Kelsey Mullane, a University of Wisconsin-Madison junior, writes in today’s Milwaukee Journal Sentinel that recent remarks by President Barack Obama and Senator Marco Rubio on the economic value of a humanities degree are evidence of the decay of the humanities:
Today, students are choosing to pursue degrees in STEM (science, technology, engineering and math) subjects rather than humanities degrees such as art history, history or philosophy. There are many possible explanations for the decline in students pursuing humanities degrees. However, I believe that the decline is occurring because undergraduate students possess a distorted perception of degree value that deems the humanities as economically inferior to STEM programs.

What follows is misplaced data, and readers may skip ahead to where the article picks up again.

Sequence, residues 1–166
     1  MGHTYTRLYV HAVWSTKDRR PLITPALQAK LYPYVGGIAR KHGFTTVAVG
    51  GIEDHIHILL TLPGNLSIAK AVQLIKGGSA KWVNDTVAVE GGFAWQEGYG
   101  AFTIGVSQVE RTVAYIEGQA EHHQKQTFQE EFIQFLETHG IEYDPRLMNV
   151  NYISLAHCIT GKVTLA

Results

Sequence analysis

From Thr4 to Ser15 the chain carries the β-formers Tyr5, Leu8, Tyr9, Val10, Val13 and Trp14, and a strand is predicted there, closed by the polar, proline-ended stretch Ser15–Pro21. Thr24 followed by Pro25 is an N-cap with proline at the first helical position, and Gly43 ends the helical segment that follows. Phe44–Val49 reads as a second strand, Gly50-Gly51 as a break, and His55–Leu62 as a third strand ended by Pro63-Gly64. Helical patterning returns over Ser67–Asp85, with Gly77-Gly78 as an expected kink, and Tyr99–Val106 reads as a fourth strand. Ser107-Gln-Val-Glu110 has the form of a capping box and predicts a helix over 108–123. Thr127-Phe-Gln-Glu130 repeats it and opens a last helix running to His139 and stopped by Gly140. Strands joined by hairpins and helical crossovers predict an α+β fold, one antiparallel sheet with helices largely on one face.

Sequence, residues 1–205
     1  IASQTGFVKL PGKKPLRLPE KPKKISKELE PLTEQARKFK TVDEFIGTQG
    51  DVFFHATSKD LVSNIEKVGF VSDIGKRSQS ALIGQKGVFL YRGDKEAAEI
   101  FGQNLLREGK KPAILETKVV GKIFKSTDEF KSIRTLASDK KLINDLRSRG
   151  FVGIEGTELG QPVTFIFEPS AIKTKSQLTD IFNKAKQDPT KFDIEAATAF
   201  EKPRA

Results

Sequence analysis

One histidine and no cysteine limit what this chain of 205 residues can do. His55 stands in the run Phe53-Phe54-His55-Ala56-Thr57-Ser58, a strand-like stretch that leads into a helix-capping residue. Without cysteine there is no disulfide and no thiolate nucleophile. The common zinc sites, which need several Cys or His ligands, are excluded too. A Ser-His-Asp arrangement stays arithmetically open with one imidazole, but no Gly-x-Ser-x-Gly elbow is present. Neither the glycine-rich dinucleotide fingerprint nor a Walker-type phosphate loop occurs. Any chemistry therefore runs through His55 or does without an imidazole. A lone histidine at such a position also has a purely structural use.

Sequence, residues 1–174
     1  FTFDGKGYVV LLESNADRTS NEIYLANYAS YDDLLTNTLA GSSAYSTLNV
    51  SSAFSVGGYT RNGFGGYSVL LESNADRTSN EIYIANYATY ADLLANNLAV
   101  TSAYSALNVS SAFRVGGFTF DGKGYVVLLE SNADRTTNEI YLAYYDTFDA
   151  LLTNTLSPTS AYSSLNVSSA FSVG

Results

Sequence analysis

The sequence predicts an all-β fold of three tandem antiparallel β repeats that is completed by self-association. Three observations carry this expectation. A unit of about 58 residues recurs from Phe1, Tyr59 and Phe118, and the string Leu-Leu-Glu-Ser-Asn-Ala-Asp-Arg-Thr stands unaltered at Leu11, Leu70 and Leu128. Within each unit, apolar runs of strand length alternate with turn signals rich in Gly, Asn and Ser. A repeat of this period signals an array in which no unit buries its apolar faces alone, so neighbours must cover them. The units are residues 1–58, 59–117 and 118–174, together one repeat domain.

This perception of degree value is the product of increased criticism of the humanities following the economic recession. This criticism uses numeric data, such as starting salaries and post-graduation unemployment rates, to support the erroneous notion that the humanities teach impractical skills that hold little or no value in the current job market, thereby discouraging their study.
Mullane maintains that both STEM and humanities degrees offer economic value in today’s marketplace.